It has been years, and I mean many many years since reading a passage in a book made me cry.
But it happened this week.
The book is Manhood for Amateurs: The Pleasures of Regrets of a Husband, Father, and Son by Michael Chabon (who is author of The Yiddish Policeman’s Union and The Amazing Adventures of Kavalier and Clay, amongst others).
I bought the book in Sydney airport on Thursday November 12 – the 11th anniversary of my father’s death (“Yahrzeit”, in the Jewish tradition). So it was particularly fitting that I opened the Chabon book to the last chapter to the following passage:
My oldest child became a bat mitzvah in an afternoon Sabbath service. She read from the Torah in flawless Hebrew, taught us something about what she had just read in poignant English, and was blessed by a woman of readily apparent holiness. And then she was on her way: a daughter of Commandments.
Now, everyone knows – sorry, Maimonides – that there really is only one Commandment and that, sooner or later, we all obey it. Toward the end of every Sabbath service, those in mourning or observing the anniversary of a parent’s death rise for the ancient Kaddish, and as the parent of that day’s bar or bat mitzvah, you can sit there beaming, proud, filled with love and knowing – knowing – that if you have done your job properly, it will not be long before your child will be getting up from a pew somewhere to take note in Aramaic of your own utter absence from the world.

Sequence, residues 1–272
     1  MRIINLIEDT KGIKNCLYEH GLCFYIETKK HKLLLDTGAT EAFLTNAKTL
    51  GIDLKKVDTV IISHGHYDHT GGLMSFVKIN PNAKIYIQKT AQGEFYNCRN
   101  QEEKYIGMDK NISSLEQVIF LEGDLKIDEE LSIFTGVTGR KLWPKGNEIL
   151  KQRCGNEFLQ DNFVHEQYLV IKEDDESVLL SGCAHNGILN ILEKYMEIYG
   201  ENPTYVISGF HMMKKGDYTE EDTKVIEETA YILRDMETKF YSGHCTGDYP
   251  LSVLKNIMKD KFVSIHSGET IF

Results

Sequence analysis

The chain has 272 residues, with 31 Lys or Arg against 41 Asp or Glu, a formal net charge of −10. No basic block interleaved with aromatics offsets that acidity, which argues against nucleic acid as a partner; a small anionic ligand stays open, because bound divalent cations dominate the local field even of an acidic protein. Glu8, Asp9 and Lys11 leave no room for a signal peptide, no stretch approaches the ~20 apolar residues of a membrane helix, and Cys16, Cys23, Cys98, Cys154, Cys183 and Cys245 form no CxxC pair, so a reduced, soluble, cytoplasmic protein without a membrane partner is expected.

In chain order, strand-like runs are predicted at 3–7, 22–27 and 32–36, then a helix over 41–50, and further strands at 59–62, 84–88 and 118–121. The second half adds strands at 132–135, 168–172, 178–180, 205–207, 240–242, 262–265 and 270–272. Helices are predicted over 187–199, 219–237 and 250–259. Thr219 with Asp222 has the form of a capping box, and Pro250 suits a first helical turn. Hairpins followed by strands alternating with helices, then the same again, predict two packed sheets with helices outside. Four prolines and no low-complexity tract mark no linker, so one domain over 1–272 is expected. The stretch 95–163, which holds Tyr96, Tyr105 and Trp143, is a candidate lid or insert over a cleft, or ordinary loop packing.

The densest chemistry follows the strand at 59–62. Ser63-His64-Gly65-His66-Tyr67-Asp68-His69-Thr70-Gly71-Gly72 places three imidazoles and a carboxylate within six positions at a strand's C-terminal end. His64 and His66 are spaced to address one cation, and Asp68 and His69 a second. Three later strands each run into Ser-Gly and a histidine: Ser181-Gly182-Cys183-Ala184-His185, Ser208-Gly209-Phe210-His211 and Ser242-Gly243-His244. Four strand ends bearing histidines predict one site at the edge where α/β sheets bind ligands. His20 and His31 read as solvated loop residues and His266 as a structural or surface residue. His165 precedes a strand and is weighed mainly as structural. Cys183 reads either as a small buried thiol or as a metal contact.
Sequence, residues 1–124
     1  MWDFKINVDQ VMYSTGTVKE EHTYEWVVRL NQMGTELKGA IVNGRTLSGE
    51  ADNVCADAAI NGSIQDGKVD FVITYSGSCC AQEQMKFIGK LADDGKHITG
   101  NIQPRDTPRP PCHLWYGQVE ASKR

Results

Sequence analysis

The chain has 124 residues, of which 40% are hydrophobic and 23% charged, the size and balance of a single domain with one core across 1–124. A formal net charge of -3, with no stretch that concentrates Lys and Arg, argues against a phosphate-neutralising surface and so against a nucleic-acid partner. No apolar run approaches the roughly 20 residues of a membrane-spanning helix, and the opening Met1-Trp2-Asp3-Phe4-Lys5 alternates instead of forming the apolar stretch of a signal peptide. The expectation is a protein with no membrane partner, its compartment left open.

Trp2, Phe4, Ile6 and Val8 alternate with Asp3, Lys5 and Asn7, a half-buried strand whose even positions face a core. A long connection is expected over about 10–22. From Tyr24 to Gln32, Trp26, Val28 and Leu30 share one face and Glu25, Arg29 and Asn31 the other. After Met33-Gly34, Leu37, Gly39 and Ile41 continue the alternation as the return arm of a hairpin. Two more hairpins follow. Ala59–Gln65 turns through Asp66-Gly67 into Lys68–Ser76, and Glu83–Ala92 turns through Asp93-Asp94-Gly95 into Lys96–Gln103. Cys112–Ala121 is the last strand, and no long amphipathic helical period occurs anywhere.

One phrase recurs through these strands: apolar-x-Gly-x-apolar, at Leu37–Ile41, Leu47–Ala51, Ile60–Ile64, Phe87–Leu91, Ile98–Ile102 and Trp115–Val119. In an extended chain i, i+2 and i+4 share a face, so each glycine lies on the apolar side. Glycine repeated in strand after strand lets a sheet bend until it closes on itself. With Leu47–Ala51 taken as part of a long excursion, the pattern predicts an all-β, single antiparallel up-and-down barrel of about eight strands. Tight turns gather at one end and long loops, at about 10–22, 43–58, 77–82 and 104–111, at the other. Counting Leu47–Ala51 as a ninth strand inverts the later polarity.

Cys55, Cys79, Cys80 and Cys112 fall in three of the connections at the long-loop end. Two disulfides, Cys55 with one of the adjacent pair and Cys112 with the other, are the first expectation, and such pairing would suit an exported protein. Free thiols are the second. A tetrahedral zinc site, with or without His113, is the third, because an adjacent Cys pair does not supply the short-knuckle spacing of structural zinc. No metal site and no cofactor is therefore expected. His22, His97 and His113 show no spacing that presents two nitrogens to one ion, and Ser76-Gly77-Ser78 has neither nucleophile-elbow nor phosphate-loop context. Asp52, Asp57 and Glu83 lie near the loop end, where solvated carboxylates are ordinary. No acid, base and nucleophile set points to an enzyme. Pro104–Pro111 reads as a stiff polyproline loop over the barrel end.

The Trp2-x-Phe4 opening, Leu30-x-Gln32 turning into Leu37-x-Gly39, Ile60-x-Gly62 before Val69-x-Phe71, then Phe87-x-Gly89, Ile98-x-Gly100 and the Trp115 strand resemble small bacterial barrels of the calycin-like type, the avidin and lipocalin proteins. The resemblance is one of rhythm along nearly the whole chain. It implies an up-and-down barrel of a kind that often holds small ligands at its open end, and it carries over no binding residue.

Anyone who has had a child recently bar- or bat-mitzvahed (as I have) and has lost a parent (or two), cannot be moved by this. I was.
(My full review of the book coming up in the Australian Jewish News soon.)